December 23, 2015

The Vancouver Special-I'll take two!

Yes it is the second take on this housing form-rather plain bread to look at, but with lots of space and quite adaptable in the interior. The Vancouver Special was the “big box” of its time, providing the maximum allowable square footage of housing space on a lot.
Bob Ransford in the Vancouver Sun picked up the story previously published in November in Price Tags. The synopsis-Michael Mortensen suggests melding two  or three 33 by 120  foot lots together to create four 1500 square foot units on three levels in the front structure, and a two story dwelling in the back, that could house a 1,000 square foot unit and two 500 square foot studios.
Of course under current zoning restrictions, this cannot be done. But what Michael suggests in his original proposal was the advocacy of a pilot program and the release of design licences with pre-approved development permits for a number of  two or three lot configurations in any single family housing  zone.  As a  pilot project  these developments could connect to  existing water, sewer and electrical lines. The form and its success could then be monitored and evaluated.
Michael notes that 1000 of these developments could yield 6,000 to 7,000 units. While the City is doing some good work on stacked form, its always refreshing to get an outsider’s perspective.
And I am reminded how in the late 1980’s it was almost impossible to have a legal basement suite in a single family house . A decade ago a legal laneway house behind a single family house would be out of the question. The City is densifying and we need to find smart ways to house a growing population.
Perhaps this idea is not too far off. Would this work as a demonstration project? Can this fit into single family areas? Do we still need to think of parking spaces for every unit in a single family zone?

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  1. The first Vancouver Specials replaced character and heritage houses that generally already had unauthorized suites. The Specials were ugly and did not produce more units. Although they should never have been built in the first place, they are being renovated now and adapted for current needs. But because they sprawl with such a huge footprint they will not have laneway houses.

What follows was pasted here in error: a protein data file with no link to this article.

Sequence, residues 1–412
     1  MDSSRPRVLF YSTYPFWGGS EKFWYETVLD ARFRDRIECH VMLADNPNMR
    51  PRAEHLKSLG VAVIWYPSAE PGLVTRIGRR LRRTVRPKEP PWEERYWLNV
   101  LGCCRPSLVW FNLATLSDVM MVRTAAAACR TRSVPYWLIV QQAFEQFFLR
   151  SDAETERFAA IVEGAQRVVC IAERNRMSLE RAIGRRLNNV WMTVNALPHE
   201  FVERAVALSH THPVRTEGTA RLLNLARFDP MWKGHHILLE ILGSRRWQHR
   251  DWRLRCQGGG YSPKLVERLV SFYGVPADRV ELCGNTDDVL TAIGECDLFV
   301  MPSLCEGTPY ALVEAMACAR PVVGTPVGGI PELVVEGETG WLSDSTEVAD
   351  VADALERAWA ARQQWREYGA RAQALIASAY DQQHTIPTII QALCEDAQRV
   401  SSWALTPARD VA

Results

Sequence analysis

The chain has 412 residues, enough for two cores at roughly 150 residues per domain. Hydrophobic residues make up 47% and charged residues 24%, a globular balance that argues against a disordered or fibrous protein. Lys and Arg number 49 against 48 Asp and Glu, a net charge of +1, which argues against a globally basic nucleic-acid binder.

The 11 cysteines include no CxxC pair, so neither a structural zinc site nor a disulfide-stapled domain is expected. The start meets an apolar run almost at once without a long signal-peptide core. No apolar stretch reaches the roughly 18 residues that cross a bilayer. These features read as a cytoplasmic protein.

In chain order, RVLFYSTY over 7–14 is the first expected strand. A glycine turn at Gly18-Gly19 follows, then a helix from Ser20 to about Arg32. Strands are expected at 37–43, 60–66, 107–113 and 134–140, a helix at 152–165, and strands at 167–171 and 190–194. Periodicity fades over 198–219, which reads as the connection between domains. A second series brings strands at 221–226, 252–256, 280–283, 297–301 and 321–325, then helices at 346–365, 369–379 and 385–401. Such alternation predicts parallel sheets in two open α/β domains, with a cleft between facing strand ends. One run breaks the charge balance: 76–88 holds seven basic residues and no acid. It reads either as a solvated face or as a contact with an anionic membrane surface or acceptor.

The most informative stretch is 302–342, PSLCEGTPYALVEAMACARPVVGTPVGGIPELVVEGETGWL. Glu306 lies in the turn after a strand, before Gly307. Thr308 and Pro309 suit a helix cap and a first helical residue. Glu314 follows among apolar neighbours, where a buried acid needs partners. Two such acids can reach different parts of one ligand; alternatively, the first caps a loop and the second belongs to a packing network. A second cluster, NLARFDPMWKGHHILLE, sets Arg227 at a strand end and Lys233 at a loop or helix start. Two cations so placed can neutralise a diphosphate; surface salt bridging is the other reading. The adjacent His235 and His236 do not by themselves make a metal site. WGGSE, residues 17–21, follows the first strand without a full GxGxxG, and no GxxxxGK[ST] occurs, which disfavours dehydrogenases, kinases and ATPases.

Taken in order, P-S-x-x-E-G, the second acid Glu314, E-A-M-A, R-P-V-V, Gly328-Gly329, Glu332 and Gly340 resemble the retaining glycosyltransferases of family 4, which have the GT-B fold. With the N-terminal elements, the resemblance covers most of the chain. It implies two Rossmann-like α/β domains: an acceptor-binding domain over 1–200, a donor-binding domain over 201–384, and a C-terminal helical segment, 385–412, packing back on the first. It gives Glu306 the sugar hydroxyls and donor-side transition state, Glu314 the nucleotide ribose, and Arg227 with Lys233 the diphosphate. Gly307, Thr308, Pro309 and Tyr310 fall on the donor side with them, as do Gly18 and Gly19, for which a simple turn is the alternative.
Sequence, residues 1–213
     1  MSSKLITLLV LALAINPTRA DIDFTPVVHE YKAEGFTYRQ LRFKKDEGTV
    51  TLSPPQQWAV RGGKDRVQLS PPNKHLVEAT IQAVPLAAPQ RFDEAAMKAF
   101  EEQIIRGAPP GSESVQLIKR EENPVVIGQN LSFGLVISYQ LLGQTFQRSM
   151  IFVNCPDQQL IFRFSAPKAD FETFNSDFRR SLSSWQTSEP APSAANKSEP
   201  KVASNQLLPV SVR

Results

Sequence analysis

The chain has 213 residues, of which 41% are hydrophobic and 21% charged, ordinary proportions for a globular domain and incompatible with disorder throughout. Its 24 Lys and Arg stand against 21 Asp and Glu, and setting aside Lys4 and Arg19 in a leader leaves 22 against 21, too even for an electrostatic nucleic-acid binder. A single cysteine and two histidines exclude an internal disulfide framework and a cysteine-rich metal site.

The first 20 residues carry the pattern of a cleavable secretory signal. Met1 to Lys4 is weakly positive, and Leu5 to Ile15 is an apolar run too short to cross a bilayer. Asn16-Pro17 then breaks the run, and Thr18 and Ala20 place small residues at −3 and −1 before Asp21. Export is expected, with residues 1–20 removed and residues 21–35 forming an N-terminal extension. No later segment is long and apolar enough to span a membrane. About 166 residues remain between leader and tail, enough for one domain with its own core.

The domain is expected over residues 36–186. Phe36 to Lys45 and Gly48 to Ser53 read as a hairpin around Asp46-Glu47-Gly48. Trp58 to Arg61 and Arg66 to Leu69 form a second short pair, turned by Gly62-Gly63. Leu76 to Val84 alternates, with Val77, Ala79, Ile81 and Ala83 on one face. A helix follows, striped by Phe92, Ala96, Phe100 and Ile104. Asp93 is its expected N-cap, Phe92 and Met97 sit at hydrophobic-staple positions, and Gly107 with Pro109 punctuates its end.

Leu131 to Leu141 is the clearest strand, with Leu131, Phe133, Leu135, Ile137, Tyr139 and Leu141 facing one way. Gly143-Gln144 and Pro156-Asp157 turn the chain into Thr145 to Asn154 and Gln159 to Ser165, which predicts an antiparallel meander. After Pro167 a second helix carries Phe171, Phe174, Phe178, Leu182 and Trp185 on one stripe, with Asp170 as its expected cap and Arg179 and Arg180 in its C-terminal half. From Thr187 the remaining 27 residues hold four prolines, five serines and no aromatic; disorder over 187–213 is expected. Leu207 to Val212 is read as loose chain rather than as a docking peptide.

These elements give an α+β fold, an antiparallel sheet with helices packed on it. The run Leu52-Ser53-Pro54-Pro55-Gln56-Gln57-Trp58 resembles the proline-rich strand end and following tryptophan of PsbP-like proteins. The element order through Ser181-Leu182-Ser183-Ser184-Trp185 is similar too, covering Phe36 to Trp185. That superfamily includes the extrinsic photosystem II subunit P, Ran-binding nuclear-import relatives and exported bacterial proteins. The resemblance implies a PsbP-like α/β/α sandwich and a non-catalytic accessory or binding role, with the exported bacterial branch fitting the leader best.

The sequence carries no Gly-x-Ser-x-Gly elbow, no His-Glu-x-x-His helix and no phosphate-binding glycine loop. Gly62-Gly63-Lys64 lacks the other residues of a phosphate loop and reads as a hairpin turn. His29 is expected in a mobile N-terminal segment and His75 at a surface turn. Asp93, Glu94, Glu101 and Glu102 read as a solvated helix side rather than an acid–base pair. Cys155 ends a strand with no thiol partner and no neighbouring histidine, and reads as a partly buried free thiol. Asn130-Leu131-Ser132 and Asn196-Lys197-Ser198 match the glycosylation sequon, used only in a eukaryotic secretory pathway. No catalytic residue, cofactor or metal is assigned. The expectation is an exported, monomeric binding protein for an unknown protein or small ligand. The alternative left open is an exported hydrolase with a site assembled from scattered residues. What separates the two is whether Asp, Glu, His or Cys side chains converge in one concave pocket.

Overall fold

The big pink monster houses in the 1980’s also maxed out the envelope. The current monster houses also are maxed out enormous. Nothing new about maxing out the envelope. Every decade someone makes a stab at creating a new “Vancouver Special”.
    This recent proposal doesn’t actually produce much more units in RS zones (currently zoning already allows 3 units per lot x 2 = 6 units vs. 7 units proposed) yet would do tremendous damage as it would ensure the loss of the last of the character/heritage stock, loss of trees, and loss of rentals if it is strata as proposed.
    Currently the city is doing a RS zoning review under the Heritage Action Plan. The idea is to provide incentives to retain existing character and heritage houses. If they allowed another secondary suite as an incentive for retention, this would create more options for home owners and more rentals and more units (4 units x 2 lots = 8 units) than this new “Special”, without loss of character stock. However, if this proposed “Special” was allowed as outright for new development, it would undermine the efforts to increase rentals and to incentivise the retention of existing character houses.

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